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It's never fun, finding problems in your design—especially when you find them late in your design cycle. That was the frustration that ams faced, until the company integrated an electrically aware design flow into its process about six months ago.
ams was one of about 50 Cadence customers who shared their experiences, lessons learned, and best practices at the Cadence Theater at this year’s Design Automation Conference (DAC) in San Francisco. Most of these presentations are now available online for viewing.
Headquartered in Austria, ams develops and manufactures high-performance analog semiconductors. “We do the ‘tough stuff,’” as Thomas Mörth, director of engineering for the company’s foundry division, noted in his DAC talk.
ams’s previous design flow consisted of fairly standard schematic entry, simulation, and a mix of schematic-driven layout as well as polygon-pushing layout. When schematic-driven layout was used, then there would be steps for DRC/LVS, parasitic extraction, signoff simulation, and signoff analysis.
The problem with this traditional flow was that problems were found very late in the process, said Mörth. This was costly in terms of time and effort. For example, problems detected during DRC/LVS meant that the engineers would have to go back to the layout entry to resolve the issues. Similarly, problems found in layout meant a return to the schematic step. Sometimes, the team would have to recreate the whole layout. Another key issue here, according to Mörth, was the loose coupling between the front end and the back end, with information often shared between schematic and layout engineers via emails and notes.
To solve these problems, ams turned to an electrically aware design flow from Cadence, based on the Cadence Virtuoso Layout Suite for Electrically Aware Design. “This is a way to find problems with electromigration and with parasitics way earlier in the flow,” said Mörth.
How did ams change its design flow? “There’s a dataset you have to create in order to make the layout tool aware of what you want to do. Then in the layout step, EAD enables you to do on-the-fly parasitic extraction and also on-the-fly electromigration checks,” explained Mörth. “When you do parasitic extraction during layout creation—and this can be done on a partially finished layout—the final parasitic extraction can be considered final because, most likely, the problems found have already been fixed in the intermediate iterations that you do when you create your layout. So you have final parasitic extraction and then signoff simulation.”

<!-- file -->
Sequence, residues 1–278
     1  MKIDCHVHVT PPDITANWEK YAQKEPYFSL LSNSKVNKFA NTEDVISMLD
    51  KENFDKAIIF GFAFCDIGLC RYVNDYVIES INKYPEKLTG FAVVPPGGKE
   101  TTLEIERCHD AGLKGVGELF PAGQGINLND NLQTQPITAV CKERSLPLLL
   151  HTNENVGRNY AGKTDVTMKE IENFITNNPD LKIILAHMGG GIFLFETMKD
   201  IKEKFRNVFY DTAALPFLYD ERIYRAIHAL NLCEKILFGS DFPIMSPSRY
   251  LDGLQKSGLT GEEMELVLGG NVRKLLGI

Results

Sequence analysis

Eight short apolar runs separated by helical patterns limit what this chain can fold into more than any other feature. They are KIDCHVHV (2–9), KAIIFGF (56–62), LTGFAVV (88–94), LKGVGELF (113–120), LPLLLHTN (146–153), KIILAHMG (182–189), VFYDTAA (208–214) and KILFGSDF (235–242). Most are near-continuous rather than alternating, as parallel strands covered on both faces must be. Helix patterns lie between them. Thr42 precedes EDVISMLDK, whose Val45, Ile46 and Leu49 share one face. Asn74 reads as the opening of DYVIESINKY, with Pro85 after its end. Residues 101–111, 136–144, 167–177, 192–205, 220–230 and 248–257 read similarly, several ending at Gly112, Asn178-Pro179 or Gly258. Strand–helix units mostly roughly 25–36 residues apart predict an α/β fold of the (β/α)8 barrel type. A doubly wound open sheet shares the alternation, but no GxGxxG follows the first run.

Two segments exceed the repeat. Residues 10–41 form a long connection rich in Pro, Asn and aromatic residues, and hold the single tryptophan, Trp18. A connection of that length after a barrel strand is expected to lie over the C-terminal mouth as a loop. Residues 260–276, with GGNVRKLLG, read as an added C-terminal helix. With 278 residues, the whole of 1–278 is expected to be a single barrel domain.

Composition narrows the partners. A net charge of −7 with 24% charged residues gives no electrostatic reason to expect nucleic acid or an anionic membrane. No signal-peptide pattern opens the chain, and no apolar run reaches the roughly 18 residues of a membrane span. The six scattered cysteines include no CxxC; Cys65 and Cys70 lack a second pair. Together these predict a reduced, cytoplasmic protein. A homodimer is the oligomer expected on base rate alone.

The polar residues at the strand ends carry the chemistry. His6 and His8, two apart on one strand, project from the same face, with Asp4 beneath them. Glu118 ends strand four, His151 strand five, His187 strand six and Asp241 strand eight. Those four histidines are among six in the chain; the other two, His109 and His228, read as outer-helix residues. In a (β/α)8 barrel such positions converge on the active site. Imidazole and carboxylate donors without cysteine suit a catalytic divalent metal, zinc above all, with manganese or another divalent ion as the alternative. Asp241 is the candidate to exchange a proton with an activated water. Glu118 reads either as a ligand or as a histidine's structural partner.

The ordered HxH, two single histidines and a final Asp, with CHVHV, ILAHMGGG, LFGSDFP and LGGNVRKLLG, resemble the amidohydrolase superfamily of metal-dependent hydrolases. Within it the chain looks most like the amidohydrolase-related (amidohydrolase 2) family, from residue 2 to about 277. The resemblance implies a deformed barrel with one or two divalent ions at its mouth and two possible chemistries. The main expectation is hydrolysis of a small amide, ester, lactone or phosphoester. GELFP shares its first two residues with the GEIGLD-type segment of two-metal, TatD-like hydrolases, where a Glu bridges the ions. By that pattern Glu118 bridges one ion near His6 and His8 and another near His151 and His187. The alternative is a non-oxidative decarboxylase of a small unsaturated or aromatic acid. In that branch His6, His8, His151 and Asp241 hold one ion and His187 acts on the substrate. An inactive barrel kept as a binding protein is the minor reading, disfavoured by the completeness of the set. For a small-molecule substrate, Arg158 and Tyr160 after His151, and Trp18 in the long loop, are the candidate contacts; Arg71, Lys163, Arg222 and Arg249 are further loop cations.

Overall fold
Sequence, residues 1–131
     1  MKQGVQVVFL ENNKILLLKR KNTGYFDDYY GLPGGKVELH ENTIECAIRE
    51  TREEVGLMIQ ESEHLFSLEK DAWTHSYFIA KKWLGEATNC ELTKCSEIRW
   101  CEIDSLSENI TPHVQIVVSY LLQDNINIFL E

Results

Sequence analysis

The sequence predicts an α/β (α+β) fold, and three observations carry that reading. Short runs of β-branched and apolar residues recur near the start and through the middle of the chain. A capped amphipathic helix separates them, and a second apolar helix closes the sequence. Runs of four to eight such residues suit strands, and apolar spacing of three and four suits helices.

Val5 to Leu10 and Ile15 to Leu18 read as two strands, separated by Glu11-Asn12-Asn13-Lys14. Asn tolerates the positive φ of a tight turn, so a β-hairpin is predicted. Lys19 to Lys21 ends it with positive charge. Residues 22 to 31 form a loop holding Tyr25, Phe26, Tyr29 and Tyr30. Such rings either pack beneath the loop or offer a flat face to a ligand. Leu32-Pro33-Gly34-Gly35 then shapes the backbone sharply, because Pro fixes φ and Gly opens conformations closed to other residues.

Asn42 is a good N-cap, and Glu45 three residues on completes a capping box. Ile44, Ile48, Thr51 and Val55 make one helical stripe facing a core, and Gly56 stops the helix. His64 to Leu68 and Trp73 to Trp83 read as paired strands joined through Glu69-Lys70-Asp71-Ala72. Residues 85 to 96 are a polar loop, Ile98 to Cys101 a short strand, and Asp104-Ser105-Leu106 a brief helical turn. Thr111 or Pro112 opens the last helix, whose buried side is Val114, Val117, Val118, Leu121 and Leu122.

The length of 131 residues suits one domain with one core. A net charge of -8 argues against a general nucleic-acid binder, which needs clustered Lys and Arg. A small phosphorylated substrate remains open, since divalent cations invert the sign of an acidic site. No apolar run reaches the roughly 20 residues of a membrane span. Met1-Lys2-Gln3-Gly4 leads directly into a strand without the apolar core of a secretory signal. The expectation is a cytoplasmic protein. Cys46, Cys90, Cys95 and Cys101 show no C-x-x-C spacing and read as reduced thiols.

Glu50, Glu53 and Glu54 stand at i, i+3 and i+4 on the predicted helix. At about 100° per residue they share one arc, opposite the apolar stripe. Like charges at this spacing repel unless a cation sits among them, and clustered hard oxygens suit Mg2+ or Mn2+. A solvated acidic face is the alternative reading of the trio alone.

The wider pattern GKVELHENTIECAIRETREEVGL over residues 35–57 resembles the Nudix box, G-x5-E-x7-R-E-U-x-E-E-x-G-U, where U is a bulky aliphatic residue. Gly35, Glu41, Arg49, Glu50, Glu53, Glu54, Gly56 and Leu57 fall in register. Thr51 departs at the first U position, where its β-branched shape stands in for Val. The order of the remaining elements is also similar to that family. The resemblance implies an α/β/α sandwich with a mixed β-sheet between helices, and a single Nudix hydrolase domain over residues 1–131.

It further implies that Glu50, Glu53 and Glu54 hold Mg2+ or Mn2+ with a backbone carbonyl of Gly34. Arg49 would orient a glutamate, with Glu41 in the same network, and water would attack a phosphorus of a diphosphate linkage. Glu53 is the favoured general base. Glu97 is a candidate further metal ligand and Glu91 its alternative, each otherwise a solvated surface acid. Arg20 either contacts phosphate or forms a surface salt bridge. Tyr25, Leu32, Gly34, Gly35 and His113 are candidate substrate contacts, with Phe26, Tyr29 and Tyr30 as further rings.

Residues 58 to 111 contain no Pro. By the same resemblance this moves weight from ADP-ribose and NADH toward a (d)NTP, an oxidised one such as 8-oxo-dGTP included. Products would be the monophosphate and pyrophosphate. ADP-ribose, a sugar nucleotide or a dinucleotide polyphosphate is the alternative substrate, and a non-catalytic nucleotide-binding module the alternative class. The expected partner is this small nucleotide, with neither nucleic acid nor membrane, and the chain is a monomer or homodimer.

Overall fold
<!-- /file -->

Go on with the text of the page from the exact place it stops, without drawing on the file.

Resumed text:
He continued, “With the electrically aware design flow, the design cycle is shortened a lot. And of course, you can do electromigration checks and parasitic extraction on the fly, which helps you find problems in these (areas) earlier in the design process.”
ams followed these key steps to set up its electrically aware design flow:
After simulation, the team selected the electrically aware design result view from the Virtuoso tool and created the data set for the layout tool. All currents simulated on individual nets are stored in a constraints database for the layout tool.
For electromigration analysis, the engineers could then open the browser for Virtuoso Layout Suite for Electrically Aware Design, load the settings for the tool, load the dataset just created with simulation, perform the electromigration check, and get the results. Mörth noted that for every net here, you get a traffic guide that tells you if you are within the specification of the maximum current for that net, near the spec, or are way off. You can then fix the violations in the layout tool.
Mörth concluded his talk by highlighting some key take-aways from ams’s experience with its Cadence electrically aware design flow:
See ams’s slides and hear Mörth’s talk from the archived proceedings. Look for Session #25 from Tuesday, June 9. You won’t need to register to access the recording.